Iran has increasingly utilized new methods to sneak its oil out of the country and into international markets, which is another reason why companies need automated data collection software to oversee their entire supply chain.
In 2012, the United States, the European Union and other international governments issued sweeping sanctions against Iran to prevent the country from obtaining weapons-grade nuclear material, including bans on buying Iranian oil. However, Reuters recently reported that Iran has still been able to export its crude oil. During the first three months of this year, the country exported approximately 18 million barrels, which equates to about 200,000 barrels a day. Of that amount, only 43 percent came from direct sales.
Instead, according to Reuters, Iran and others have been using trickery to ship oil into the global marketplace. Some of the tactics used include transferring oil onto boats docked in international waters, shipping oil to neutral third party sites for resale and mixing in Iranian oil with other shipments to hide its country of origin.
"Redocumentation of the cargoes takes place throughout the supply flow chain, and by the time it gets to the discharge port, the origin of the oil is untraceable," an anonymous oil trader told the news source."Along the way some blending takes place and the molecules change, so the structure of the oil gets altered and it becomes harder for anyone to really say definitively that this oil came from Iran."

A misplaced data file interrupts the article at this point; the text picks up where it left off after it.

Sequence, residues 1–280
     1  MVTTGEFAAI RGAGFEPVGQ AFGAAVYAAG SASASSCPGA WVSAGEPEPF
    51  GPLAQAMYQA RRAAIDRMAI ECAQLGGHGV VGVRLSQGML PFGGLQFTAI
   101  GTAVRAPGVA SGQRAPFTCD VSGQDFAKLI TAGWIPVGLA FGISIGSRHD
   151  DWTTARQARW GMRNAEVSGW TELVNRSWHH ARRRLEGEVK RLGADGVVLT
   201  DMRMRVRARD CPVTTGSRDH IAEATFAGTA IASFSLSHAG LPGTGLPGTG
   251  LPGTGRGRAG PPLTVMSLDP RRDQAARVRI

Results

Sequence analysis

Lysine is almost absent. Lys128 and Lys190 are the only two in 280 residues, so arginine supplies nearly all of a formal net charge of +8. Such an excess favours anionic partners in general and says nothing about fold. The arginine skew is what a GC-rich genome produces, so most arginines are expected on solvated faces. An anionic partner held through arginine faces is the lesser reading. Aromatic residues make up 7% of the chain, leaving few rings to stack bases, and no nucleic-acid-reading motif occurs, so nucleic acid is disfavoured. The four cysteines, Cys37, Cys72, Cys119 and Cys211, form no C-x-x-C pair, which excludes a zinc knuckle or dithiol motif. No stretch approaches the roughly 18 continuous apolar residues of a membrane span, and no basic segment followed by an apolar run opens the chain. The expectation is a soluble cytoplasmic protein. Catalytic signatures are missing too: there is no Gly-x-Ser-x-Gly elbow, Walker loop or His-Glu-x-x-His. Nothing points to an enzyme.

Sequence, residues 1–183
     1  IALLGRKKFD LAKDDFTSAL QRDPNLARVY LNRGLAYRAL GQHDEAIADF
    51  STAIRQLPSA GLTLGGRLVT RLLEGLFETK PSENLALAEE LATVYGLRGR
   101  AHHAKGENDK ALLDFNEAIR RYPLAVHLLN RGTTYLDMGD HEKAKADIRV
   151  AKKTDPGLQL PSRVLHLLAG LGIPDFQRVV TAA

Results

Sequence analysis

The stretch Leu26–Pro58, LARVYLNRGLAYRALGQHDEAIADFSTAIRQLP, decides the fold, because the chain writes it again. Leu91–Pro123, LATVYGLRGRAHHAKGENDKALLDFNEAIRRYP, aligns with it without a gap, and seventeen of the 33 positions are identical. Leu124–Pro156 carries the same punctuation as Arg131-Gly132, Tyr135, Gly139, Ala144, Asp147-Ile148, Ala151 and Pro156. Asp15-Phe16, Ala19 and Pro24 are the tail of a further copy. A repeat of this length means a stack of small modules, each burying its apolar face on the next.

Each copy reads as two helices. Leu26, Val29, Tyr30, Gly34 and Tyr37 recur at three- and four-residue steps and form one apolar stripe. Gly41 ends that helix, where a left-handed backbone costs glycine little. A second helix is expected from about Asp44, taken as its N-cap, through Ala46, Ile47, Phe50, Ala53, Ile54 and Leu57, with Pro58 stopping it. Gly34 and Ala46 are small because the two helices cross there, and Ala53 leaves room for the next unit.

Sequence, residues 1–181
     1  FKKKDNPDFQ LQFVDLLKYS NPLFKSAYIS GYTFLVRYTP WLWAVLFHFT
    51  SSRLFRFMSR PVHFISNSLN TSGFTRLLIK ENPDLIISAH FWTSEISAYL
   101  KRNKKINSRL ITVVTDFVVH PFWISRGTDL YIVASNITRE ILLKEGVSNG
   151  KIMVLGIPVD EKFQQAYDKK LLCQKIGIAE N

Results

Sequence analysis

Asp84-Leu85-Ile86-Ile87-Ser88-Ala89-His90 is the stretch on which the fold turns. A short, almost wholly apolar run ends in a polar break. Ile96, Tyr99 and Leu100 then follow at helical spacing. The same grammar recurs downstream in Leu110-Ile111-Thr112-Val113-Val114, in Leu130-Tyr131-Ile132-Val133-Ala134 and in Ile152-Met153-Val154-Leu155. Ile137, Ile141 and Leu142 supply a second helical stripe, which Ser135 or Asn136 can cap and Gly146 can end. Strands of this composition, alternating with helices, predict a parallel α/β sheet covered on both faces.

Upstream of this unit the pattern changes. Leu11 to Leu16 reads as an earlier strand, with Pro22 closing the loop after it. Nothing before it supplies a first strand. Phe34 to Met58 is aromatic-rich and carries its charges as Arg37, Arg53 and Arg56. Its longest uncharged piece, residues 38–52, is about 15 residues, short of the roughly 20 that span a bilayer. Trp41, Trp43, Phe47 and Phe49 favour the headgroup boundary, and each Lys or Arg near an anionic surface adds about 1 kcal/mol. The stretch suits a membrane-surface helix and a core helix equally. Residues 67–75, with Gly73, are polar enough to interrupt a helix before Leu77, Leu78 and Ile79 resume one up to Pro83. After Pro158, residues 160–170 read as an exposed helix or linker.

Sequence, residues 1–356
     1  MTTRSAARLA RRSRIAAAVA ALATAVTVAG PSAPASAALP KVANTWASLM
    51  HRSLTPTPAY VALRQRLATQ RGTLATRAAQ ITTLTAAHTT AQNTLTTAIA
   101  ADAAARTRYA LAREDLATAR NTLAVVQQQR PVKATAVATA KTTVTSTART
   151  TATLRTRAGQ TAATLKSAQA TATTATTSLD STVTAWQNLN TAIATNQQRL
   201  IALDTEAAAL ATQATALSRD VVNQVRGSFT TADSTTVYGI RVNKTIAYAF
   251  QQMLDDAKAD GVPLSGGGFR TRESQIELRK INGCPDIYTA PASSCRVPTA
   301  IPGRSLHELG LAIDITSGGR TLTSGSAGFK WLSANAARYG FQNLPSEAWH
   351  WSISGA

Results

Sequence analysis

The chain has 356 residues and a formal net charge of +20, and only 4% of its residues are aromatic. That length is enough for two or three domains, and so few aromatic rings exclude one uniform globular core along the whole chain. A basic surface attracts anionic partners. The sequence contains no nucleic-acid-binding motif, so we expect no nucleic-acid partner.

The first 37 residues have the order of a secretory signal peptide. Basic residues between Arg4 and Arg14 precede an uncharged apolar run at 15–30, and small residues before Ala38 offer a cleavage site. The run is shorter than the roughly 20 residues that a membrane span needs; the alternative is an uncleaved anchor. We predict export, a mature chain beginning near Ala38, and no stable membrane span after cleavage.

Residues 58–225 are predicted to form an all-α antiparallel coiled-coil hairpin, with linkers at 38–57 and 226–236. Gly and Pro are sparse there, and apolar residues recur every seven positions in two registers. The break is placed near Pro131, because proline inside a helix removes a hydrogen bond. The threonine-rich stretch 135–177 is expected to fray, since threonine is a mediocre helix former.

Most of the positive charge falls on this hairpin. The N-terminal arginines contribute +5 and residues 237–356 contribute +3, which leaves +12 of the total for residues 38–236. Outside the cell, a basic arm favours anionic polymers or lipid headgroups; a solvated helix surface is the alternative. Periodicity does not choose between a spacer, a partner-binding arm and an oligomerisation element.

How Automated Data Collection Software Helps Companies Stay Legal
For companies that want to avoid breaking the law, the latest report from Reuters is disturbing since it implies that many enterprises may be accidentally violating the sanctions. Considering how important world markets are for the U.S. economy - the U.S. imported more than 18.5 million barrels of oil a day last year, according to the Energy Information Administration - companies more than ever need to leverage automated data collection software to be sure their supplies are coming from legitimate sources only.
"Cargo liability has been a particularly vexing problem because so much of the issue is rooted in the distant past," said Edward Emmett, former president of the National Industrial Transportation League. "It is not a subject that the average person cares about, but it is vitally important to world commerce."
As the supply chain relied upon by companies expands globally, automated data collection software becomes increasingly important. No business can afford to simply trust the word of its partners, as organizations need complete oversight of every variable affecting their business and potential legal standing.